US 4310928 A
A surgeon's glove which is free of mold release powder of mineral origin. The glove is "talc free" and contains on a surface a lipo compound and a surfactant for such lipo compound. The glove is manufactured by a process which includes coating a glove form with a coagulant containing the lipo compound and its surfactant in a dispersion which stay with the glove after it is stripped from the mold providing a mold release surface for such glove.
1. A surgeon's glove comprising a highly stretchable latex shell that is free of powder of mineral origin, wherein the glove has a lipo compound carried on its surface and a surfactant for the lipo compound on its surface, whereby the glove is strippable from a form.
2. A surgeon's glove as set forth in claim 1, wherein the lipo compound and surfactant are embedded within the latex shell as well as on its surface.
3. A surgeon's glove as set forth in claim 1, wherein the lipo compound and surfactant are approximately equivalent.
4. A surgeon's glove as set forth in claim 1, wherein the lipo compound is selected from the group consisting of lipids and lipophilic polymers; and the surfactant is nonionic.
5. A surgeon's glove as set forth in claim 1, wherein the lipo compounds are selected from the group consisting of fatty acids, fatty acid esters, fatty acid salts, cholesterols, polyols, paraffin oils, mineral oils, vegetable oils, silicones, alkyl polyether alcohols, and aryl polyether alcohols.
6. A surgeon's glove as set forth in claim 1, wherein the surfactant is nonionic and is selected from the group consisting of polysorbate, polyoxyethylene sorbitan, polyethyleneoxy derivatives, fatty acid salts, alkyl-aryl sulfonates, alkyl sulfates, and silicone glycols.
7. A surgeon's glove as set forth in claim 1, wherein the surfactant is selected from the group consisting of nonionic, ionic, and amphoteric surface acting agents.
8. A surgeon's glove as set forth in claim 1, wherein the glove is talc free.
9. A surgeon's glove which has a lipo compound carried on its surface and a surfactant for the lipo compound on its surface, whereby the glove is strippable from a form.
10. A surgeon's glove as set forth in claim 9, wherein the lipo compound is a mineral oil.
Surgeon's gloves are made by dipping a hand shaped mold into a coagulant and subsequently into a latex bath. One of the problems with such gloves is that they tend to stick to the mold after the glove is cured. To solve this problem, all commercially made gloves in the United States include in the coagulant dip a powder of mineral origin. The powder is usually talc because talc can withstand the curing temperatures of 260° F.
Because such talc is used in the manufacturing process of latex surgeon's gloves, they must be thoroughly washed after their manufacture to remove all of the excess talc that may be on the surface. Such talc particles were necessary to remove the glove from its dipping form. The medical literature has reported that talc particles might create granuloma when they become in contact with a surgical wound. Talc, being of mineral origin, is not bioabsorbable.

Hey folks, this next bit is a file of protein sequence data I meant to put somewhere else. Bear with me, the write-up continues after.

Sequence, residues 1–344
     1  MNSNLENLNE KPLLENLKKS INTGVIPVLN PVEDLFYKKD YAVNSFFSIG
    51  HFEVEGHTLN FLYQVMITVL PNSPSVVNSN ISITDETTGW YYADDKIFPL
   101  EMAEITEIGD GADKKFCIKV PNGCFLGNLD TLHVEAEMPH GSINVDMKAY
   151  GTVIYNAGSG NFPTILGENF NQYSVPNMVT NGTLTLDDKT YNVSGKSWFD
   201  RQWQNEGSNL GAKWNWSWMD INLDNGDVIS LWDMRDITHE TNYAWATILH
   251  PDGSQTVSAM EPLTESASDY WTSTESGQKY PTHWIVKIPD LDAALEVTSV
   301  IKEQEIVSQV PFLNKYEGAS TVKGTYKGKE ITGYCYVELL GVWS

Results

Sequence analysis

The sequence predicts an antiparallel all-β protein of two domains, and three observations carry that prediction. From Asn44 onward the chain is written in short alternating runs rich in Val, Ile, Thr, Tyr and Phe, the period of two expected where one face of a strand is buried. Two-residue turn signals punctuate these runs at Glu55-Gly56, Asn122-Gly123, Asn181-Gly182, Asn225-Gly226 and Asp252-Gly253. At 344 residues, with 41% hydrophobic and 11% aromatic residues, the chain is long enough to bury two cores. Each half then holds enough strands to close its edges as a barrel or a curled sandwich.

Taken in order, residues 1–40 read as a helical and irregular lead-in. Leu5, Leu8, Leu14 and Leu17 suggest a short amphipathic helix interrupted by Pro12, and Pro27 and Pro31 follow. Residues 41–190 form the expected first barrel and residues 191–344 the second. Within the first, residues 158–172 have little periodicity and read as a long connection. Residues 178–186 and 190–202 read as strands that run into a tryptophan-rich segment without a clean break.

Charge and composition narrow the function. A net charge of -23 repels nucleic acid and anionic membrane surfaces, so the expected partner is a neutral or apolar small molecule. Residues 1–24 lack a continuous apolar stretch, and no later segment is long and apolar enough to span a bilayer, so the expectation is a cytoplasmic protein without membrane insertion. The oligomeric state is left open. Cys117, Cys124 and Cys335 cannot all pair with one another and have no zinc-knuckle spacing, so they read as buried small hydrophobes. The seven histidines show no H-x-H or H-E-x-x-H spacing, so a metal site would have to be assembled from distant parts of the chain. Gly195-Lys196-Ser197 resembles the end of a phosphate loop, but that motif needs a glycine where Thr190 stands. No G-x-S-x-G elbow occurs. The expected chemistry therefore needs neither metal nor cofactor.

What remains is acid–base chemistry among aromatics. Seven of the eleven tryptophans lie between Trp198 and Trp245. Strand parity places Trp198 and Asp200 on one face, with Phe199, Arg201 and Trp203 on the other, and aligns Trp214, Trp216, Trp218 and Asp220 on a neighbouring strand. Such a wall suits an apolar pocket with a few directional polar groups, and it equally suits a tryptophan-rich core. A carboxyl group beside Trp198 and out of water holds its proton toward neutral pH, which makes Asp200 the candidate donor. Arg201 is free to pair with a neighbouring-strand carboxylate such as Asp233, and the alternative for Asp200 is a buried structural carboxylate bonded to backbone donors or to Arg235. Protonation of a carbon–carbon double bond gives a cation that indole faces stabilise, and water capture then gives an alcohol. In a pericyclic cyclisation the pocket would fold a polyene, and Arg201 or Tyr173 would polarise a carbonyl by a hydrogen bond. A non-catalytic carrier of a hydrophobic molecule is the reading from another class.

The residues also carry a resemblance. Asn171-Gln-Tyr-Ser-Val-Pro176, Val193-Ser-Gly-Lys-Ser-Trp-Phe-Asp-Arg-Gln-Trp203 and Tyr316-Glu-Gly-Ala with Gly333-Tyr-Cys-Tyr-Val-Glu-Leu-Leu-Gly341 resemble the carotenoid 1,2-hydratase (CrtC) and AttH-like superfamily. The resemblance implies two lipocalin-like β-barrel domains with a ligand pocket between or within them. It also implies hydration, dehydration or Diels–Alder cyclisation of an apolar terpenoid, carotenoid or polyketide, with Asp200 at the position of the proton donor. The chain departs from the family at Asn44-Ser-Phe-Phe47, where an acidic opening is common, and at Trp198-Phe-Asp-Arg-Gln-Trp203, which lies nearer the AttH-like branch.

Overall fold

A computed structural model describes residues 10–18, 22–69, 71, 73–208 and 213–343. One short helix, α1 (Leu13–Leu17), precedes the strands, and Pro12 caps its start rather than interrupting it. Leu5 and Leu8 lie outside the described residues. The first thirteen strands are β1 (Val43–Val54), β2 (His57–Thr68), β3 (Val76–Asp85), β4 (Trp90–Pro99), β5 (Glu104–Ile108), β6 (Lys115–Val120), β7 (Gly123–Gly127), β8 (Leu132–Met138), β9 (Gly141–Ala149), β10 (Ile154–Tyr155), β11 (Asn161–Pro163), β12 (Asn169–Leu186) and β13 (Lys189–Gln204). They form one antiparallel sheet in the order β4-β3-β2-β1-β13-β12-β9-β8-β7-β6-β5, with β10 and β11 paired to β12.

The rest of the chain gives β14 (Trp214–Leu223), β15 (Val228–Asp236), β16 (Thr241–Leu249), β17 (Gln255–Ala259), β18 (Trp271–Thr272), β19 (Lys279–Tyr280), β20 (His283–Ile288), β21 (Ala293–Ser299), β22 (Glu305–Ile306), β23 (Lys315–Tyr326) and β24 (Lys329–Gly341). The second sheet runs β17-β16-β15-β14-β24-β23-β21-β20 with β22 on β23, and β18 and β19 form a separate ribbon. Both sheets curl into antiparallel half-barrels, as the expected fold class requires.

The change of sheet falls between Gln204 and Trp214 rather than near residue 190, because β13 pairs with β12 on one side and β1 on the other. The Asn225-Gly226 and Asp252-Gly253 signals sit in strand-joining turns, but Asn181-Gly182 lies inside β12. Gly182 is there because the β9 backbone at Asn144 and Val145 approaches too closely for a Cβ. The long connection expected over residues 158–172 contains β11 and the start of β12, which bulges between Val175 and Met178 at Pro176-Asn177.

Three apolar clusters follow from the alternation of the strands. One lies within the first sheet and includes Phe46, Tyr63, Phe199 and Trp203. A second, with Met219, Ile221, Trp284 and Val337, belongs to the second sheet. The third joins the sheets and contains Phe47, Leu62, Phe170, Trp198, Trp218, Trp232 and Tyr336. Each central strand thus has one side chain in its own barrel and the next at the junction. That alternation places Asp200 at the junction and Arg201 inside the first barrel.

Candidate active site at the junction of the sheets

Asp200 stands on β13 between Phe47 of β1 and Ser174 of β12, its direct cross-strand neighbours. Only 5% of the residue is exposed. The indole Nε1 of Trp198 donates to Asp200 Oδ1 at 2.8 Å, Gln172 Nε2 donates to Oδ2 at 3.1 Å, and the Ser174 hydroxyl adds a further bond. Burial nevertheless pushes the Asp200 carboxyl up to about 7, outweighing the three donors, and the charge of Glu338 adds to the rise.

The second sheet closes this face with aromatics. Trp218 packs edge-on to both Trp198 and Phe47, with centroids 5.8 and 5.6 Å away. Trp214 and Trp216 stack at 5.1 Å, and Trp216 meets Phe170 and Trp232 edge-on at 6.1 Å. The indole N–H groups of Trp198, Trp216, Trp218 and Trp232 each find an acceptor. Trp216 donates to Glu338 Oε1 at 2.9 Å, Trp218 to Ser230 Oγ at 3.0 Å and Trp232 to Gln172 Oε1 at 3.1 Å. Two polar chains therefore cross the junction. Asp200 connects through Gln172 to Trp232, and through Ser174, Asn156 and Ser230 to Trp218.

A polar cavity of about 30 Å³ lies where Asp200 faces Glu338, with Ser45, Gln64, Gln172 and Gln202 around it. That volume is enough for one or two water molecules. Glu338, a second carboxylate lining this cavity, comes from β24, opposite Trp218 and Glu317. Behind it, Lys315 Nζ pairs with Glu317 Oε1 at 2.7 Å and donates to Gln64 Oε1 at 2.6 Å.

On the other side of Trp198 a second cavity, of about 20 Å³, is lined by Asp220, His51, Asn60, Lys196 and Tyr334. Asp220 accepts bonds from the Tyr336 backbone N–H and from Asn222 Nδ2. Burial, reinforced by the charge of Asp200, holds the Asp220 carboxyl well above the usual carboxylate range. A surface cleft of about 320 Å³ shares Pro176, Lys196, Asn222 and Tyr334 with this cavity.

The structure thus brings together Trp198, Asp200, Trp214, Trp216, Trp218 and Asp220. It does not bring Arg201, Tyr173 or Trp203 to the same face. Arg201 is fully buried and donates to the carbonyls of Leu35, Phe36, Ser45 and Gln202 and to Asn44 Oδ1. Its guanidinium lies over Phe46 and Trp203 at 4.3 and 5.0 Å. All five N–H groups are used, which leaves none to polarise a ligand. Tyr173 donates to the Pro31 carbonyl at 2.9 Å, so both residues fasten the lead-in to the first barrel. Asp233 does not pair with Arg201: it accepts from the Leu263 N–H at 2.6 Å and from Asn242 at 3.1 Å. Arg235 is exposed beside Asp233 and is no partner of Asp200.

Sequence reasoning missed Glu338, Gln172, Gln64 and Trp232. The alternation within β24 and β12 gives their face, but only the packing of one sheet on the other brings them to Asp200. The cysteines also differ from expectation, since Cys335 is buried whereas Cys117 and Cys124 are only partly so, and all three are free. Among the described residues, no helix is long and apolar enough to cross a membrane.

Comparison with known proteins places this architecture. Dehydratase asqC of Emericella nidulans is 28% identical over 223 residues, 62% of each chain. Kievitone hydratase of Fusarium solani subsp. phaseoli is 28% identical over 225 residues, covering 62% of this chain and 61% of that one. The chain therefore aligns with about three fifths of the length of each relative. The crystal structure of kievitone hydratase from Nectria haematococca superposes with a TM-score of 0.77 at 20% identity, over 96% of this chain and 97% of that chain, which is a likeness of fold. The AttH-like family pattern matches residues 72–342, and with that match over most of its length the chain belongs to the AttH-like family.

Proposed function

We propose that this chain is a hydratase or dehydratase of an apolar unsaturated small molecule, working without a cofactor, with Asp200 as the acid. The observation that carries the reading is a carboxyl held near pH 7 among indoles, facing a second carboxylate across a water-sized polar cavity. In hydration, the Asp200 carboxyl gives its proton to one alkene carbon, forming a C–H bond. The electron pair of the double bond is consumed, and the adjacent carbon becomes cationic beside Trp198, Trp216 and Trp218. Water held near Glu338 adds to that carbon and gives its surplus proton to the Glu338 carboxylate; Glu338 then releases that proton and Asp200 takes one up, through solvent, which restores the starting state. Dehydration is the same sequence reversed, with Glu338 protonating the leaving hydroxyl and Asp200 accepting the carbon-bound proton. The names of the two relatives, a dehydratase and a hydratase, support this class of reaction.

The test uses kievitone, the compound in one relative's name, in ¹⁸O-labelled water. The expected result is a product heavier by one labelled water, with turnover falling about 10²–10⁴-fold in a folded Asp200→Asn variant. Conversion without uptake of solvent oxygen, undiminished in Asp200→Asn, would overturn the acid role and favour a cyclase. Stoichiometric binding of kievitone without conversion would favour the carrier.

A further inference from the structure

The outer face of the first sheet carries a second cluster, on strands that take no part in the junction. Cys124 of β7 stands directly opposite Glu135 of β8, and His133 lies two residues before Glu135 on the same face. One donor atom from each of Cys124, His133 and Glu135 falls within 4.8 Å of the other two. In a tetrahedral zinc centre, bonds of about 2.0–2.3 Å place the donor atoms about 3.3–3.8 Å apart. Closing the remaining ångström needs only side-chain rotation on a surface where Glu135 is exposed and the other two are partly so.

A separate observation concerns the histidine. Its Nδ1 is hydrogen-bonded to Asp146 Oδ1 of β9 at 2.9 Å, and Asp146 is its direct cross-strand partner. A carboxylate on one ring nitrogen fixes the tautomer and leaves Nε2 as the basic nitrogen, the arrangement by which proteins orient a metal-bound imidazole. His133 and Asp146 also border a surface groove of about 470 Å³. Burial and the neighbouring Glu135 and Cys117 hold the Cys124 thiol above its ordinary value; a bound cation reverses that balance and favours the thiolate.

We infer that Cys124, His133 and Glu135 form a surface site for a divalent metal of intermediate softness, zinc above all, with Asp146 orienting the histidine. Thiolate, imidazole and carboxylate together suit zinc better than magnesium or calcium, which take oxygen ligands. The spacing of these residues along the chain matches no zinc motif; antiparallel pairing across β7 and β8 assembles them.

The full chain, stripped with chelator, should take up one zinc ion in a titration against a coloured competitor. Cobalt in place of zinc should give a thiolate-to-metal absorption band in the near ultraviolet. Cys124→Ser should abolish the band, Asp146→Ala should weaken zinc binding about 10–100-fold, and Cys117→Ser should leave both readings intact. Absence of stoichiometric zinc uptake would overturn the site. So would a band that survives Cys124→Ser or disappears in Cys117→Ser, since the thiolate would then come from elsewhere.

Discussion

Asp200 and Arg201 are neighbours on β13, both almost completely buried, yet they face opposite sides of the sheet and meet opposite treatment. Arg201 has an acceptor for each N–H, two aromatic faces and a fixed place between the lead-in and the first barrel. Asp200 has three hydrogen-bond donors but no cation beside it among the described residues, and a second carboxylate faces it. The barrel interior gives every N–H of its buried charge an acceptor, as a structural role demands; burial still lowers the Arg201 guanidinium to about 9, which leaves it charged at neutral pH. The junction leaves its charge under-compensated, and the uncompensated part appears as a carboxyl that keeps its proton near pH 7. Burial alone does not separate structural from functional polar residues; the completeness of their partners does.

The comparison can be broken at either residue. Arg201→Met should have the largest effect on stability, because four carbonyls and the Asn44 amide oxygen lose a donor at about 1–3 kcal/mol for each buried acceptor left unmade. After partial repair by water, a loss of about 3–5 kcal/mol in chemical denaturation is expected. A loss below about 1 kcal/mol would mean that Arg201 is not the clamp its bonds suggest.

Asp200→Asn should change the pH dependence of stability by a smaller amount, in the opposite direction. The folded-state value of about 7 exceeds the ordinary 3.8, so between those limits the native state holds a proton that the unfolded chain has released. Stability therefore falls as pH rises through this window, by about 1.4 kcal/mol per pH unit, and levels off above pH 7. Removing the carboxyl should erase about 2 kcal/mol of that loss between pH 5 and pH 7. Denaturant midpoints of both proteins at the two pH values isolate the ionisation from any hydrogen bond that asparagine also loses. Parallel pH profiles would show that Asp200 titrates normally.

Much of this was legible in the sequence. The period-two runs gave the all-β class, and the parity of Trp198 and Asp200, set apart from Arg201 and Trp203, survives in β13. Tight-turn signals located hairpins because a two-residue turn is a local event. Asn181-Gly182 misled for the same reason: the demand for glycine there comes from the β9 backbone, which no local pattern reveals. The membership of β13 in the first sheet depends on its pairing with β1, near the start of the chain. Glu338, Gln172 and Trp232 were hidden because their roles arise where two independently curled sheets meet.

Because of talc particles used in the coagulant solution of all surgeon's gloves are infused or embedded into the glove wall itself during the manufacturing process, some talc particles that are only partially exposed at the surface of the glove are difficult to remove. Efforts to eliminate the talc from the coagulant solution have not been successful. Without the talc in the coagulant, the very thin walled surgeon's gloves tended to rip and ball up into a gummy structure when stripped from the mold.
The present invention overcomes the problems with surgeon's gloves explained above. This invention provides a surgeon's glove that is free of powder of mineral origin and yet is readily strippable from its mold without tearing, gumming up, etc. The surgeon's glove has on its surface a lipo compound and a surfactant for such compound which withstands the curing temperature of 260° F, as well as providing easy mold release. Lipo compound and the surfactant are in the coagulant and stay with the glove when it is removed from its form.
FIG. 1 is a front elevational view of the surgeon's glove;
FIG. 2 is an enlarged sectional view taken along line 2--2 of FIG. 1 showing the inner and outer surfaces of the glove; and
FIG. 3 is a schematic view showing the glove form being dipped into a coagulant.
FIG. 1 shows a surgeon's glove that has a conventional finger area 1, wrist area 2, and thumb area 3. The glove shown here has been stripped from its form and is positioned ready for donning. As shown in FIG. 2, the glove which is highly stretchable is formed of a shell with an outer surface 4 and an inner surface 5. It is inner surface 5 that fits against the surgeon's hands.
Usually such surgeon's gloves are formed by dip coating a hand shaped form, such as 6 in FIG. 3, into a coagulant 7. From removal of the coagulant coated form from a coagulant tank, it is then dipped into a latex dispersion to coat the form and combine with the coagulant to form a gel on the form of the proper thickness to produce the glove.
So that the glove could be stripped from its form, the conventional surgeon's gloves are made with talc powders suspended in the coagulant. However, in the present invention, all talc is eliminated from the coagulant solution. Instead, a lipo compound is included in the coagulant.
The lipo compound can include lipids or lipophilic substances, such as fatty acids, fatty acid esters, fatty acid salts, cholesterols, polyols, paraffin oils, mineral oils, vegetable oils, silicones, alkyl polyether alcohols and aryl polyether alcohols. Other lipophilic polymers could also be used as long as they are biologically compatible with the human body.
A problem with a lipo compound in the coagulant occurs because it separates from the coagulant, particularly when dipped into a water based latex bath. Since it separates, a lipo compound cannot function properly as a mold release. A surfactant combined with the lipo compound overcomes this problem.
The term "surfactant" is used in a broad meaning to include various surfactants, detergents, and dispersing agents, as well as amphoteric surface active agents. Typical surfactants for use in the present invention include polysorbate, polyoxyethylene sorbitan, polyethyleneoxy derivatives, fatty acid salts, alkyl-aryl sulfonates, alkyl sulfonates, alkyl sulfates, and silicone glycols.